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Russian Socialists in the Struggle for Democracy

For the past few weeks, protests for fair elections in upcoming municipal polls have become weekly in Moscow and St. Petersburg as thousands have defied authorities to attend unsanctioned rallies. The police crackdown has been particularly harsh in Moscow. Protests on July 27 and August 3 resulted in over 2000 detentions. Images of police in riot gear wrestling citizens to the ground and beating peaceful protesters were reminiscent of the mass protests against election fraud in 2011-2012.

Members of the Russian Socialist Movement, a small Marxist, anti-Stalinist organization active in the Russian left, have been participants in local electoral campaigns and in the protests. Two RSM activists, Valeria Kovelishina and Ilya Budraitskis talk about the Russian Socialist Movement, their electoral work, the protests for democracy in Russia and what they might mean for the future.

Witnessing the Collapse of Communism

Roundtable discussion marking the 30th anniversary of the collapse of communism in Eastern Europe. Participants include Timothy Garton Ash, Bridget Kendall, and Jens Reich.

The Evictors

Around Moscow, there’s a whole industry of so-called “black creditors” — microfinance institutions (or MFOs) that swindle and seize debtors’ homes. Ivan Golunov’s investigation for Meduza has discovered that almost 500 apartments have been seized from their owners over the past five years without so much as a court order. In fact, this scheme involves more than simply “squeezing” people from their homes. It is possibly part of a wider, international money-laundering system. Here’s Meduza special correspondent Ivan Golunov on the ins and outs of this industry.

David Johnson in the Moscow News

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Since the merits of David Johnson and his, in my opinion, indispensable Johnson’s Russia List is such a hot topic of debate, I point readers to his interview in the Moscow News. It is rare that we actually hear what the man behind JRL actually thinks about Russia. Most of the time critics infer his views from the copious numbers of articles he includes (or doesn’t) in his daily newsletter. Here are a couple of responses that I found relevant to the debate:

MN: Once you wrote about a news conference at the Kremlin where President Putin spoke to a group of editors and correspondents. What was your impression of Vladimir Putin?

DJ: Putin was very impressive in his command of subjects and apparent open-mindedness. I think most of us at these meetings felt this. However, there were certainly critical views expressed about some of Putin’s policies. I never got to ask my question so let me do it here: How does President Putin try to insure that he has the best information and makes the best decisions? What institutions and practices does he have in place in this regard?

MN: Would you say that Russia is on the right path of development?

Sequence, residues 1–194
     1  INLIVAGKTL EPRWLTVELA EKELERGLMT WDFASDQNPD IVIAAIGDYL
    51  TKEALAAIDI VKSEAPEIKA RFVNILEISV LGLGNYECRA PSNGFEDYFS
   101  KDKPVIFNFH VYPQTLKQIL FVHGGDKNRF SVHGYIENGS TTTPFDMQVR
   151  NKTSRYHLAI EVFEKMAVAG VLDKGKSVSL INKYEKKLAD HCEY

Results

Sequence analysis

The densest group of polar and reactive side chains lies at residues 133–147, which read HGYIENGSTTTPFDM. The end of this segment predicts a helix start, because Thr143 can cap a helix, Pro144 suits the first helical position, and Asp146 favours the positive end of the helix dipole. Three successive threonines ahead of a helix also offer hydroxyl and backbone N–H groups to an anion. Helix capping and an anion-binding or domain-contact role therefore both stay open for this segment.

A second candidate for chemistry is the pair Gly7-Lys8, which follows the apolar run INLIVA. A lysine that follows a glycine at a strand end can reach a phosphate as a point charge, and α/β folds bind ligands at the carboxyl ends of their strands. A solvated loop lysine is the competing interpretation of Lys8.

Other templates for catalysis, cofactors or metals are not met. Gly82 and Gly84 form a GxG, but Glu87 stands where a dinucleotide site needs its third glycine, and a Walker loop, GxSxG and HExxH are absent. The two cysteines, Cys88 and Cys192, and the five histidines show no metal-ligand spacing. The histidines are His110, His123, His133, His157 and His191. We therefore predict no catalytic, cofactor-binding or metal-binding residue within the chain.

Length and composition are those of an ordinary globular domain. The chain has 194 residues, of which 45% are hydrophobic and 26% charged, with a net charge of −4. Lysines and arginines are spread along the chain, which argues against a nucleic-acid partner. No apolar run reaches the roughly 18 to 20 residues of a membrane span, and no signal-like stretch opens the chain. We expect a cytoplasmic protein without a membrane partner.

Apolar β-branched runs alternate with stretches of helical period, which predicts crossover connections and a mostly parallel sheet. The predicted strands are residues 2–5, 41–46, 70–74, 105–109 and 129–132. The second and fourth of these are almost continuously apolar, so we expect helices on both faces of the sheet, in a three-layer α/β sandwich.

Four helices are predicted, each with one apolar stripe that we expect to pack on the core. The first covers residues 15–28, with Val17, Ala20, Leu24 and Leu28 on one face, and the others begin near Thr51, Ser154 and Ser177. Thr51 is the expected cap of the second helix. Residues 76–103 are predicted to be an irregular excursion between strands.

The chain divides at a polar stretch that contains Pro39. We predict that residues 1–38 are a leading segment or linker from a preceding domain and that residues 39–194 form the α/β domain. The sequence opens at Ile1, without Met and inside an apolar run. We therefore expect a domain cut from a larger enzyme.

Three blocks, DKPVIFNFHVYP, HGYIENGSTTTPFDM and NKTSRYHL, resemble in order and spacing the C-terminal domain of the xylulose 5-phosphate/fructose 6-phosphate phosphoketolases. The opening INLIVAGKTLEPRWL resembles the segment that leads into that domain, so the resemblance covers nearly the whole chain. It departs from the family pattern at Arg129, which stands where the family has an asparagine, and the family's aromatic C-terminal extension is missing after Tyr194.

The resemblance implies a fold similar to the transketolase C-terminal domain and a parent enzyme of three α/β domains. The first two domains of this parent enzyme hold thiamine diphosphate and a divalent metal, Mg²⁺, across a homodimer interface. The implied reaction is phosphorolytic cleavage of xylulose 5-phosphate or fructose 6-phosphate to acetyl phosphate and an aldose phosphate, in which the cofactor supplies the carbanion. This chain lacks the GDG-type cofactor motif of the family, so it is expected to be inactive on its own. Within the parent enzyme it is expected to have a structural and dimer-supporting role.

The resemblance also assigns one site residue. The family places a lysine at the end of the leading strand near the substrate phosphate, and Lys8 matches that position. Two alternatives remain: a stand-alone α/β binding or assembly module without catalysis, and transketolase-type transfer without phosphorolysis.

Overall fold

DJ: These days I try to avoid having strong opinions about Russia and generally succeed in this. While I was very skeptical of Yeltsin and uneasy about Putin as Yeltsin’s appointed successor, I think it has become harder to reach judgments these days than before. My working notion is that most subjects are complex and difficult to understand from the outside and that diverse opinions are inevitable. I try to make JRL a useful vehicle for exposing the diversity of views. I do feel that many people in the US and the West are rather quick to jump to the attack, just as they were rather superficially infatuated with Yeltsin once-upon-a-time.

I am sympathetic to the view that these days Putin and Russia are perhaps getting too dark a portrayal in most Western media. Or at least that critical views need to be supplemented with other kinds of information and analysis. An openness to different views is still warranted.

MN: Some commentators in the past have criticized JRL for focusing too heavily on articles that emphasize Russia’s problems. How do you respond to such accusations?

DJ: I actually would like to carry more informative, substantive “defenses” of Russia and go out of my way to get those items. I do not do translations myself and am dependent on what comes my way in this regard from Russian media. I do carry items from important Western media because it’s important to know what The Washington Post, The New York Times, The Economist, etc. are saying about Russia. It’s also important to know what’s in Novaya Gazeta and the like. If anyone would like to help me find more positive articles about Russia please do.

MN: In what ways do you think the United States could be a better partner with Russia?

DJ: I’m sure that if officials in both Russia and the U.S. look dispassionately at themselves they will find mistakes that have been made and initiatives that can be taken. Americans tend to be missionaries and see themselves as the center of the universe (As perhaps others do?). Americans need to work even harder at understanding the perspectives of non-Americans. Both Americans and Russians need to recognize that there are many more peoples and nations in the world as well.

So there you have it. The man in some of his own words. I have to say that I agree his logic on why he carries articles from the major US newspapers. The Washington Post, NY Times, and business weeklies like the Economist are some of the publications of record, not just for the US, but the world. One must intimately know the prevailing discourse about Russia if one seeks to dispel it.